In addition to screening for relevant pain-related psychological factors, determining a patient's target level of symptoms (e.g., pain, stiffness) can assist with development of collaborative and patient-centered goals. Movement-evoked pain and stiffness at rest are key symptoms of AT, yet they lack formally validated minimal clinically important differences (MCIDs) in the literature. For pain in general, a 30% decrease was best associated with a patient global rating of change of “much improved or better” among 2,724 patients with a variety of musculoskeletal pain conditions participating in multi-center pain studies (13). A 30% reduction in pain is also consistent with the MCID criteria proposed by the OMERACT study group (Outcome Measurement in Rheumatoid Arthritis Clinical Trial) (14). Although duration of morning stiffness is the first question on the Victorian Institute of Sport-Achilles (VISA-A) questionnaire (15), no MCID has been established for this symptom. Further research is needed to determine if a 30% decrease is an appropriate MCID for movement-evoked pain and stiffness and to evaluate patient-defined acceptable levels for AT symptoms.
The first purpose of this study was to validate four categories of minimal, low, moderate, and high fear of movement/re-injury on the TSK-11. We hypothesized that convergent validity of the TSK-11 subgroups would be supported by groups of higher kinesiophobia reporting higher pain catastrophizing, higher AT symptom severity, and lower willingness to complete Achilles tendon loading activities. The second purpose was to develop a patient-driven MCID for AT symptoms of pain with heel raises and stiffness at rest. Given that previous studies have reported an association between fear of movement, pain catastrophizing, and pain severity (9–12), a secondary purpose was to determine whether fear of movement or pain catastrophizing were associated with the magnitude of the respondent's chosen MCID for pain and stiffness.
Materials and Methods
For this cross-sectional study, a public online survey link was emailed to individuals who had previously participated in research studies on AT at three universities and was posted on a website that provided educational resources about pain to the public (bodyinmind.org). From November 2018 through May 2019, 753 people completed an online screening form with the inclusion criteria of (1) self-reported Achilles tendon pain >3 months, and (2) between 18 and 90 years of age (Figure 1). A total of 574 survey responders met the inclusion criteria and proceeded to the five self-reported outcomes: (1) Demographics, (2) Fear of Movement, (3) Pain Catastrophizing, (4) Pain description, and (5) Fibromyalgia severity (FS) scale. Respondents were excluded if the data were incomplete (ended participation before proceeding through all five surveys, n = 71; selected “Prefer not to answer” for pain or fear of movement questions, n = 34) or the same email address provided for multiple responses (n = 27), resulting in final analysis of N = 442 responses. Potential participants were provided with the elements of consent prior to proceeding to the survey questions. Respondents who chose to provide their email address were sent a $5 gift ecard. The funder played no role in the design, conduct, or reporting of this study. The study protocol and analysis is consistent with the purposes provided to potential respondents on the screening page.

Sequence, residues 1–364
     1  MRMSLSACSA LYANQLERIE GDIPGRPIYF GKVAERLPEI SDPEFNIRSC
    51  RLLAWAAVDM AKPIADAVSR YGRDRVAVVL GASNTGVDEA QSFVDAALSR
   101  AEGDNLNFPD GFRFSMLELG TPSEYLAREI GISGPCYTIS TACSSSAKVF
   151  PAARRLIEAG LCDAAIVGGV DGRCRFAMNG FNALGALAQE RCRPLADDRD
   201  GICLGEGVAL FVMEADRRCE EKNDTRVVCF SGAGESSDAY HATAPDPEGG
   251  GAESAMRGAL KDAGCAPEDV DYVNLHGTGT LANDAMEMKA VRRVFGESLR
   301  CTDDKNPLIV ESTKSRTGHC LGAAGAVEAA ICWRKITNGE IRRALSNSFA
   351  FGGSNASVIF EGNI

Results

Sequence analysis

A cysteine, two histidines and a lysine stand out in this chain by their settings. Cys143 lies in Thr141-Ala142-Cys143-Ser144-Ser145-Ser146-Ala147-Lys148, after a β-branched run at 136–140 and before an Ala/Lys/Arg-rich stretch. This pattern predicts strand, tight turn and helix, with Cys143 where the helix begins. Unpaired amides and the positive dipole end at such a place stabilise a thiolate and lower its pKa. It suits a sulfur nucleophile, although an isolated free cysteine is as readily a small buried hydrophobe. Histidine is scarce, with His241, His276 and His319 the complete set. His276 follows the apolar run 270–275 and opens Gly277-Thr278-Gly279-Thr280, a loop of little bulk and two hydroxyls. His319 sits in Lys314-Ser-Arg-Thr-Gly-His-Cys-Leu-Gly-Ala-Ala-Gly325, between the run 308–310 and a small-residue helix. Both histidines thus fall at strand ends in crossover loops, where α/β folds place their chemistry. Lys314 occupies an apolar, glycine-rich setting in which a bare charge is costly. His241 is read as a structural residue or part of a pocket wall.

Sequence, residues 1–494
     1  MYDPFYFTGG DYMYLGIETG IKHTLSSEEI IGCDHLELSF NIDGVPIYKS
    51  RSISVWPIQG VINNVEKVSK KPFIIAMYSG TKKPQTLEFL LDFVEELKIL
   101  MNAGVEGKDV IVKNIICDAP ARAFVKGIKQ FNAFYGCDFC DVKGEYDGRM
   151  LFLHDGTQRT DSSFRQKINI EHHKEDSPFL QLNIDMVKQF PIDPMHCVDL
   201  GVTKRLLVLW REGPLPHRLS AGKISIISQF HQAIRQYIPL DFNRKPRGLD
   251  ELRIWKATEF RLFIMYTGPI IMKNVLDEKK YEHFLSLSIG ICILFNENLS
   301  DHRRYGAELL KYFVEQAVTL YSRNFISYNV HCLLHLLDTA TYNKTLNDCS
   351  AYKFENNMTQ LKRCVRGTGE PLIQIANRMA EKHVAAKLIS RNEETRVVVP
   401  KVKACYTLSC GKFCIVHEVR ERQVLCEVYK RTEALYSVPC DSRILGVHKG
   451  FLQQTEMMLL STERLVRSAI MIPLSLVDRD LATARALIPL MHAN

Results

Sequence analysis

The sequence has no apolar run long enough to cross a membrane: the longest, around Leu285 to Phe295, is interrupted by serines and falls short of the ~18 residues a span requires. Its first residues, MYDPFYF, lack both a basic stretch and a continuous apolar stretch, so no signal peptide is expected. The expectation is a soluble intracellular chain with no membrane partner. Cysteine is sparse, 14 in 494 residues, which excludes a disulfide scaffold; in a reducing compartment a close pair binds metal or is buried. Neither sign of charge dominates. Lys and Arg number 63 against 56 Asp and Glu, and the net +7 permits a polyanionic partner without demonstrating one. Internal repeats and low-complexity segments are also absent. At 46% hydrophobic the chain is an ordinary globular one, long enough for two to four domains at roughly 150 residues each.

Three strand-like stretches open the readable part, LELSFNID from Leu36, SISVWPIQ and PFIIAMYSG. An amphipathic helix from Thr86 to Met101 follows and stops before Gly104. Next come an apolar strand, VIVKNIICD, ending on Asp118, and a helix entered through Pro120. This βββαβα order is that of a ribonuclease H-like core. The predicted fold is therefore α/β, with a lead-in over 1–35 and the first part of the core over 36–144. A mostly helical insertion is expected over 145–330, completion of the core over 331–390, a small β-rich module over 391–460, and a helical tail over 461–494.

Figure 1. CONSORT diagram indicating the number of individuals at enrollment, data collection, and analysis.
Abbreviated versions of the TSK-11 and the Pain Catastrophizing Scale (PCS-4), as well as one-question fear of movement and pain catastrophizing screens, were used to assess comparability of these pain-related psychological factors. Fear of movement was captured with the TSK-11 that has participants rate their agreement with 11 statements that indicate fear of movement/re-injury on a 4-point Likert scale from (1 = “Strongly disagree” to 4 = “Strongly agree,” score range 11–44) (7). The one-question kinesiophobia screen was: “Physical activity might damage me” on a 101-point scale from 0, “Completely disagree,” to 100, “Completely agree” (16). Pain catastrophizing was captured with the PCS-4 that captures the degree of catastrophizing thoughts when in pain on a 5-point Likert scale (0 = “Not at all” to 4 = “All the time,” score range 0–16) (17). The one-question pain catastrophizing screen was: “When I feel the pain, it is terrible and I feel that it's never going to get better” on a 101-point scale from 0, “Completely disagree,” to 100, “Completely agree”) (16).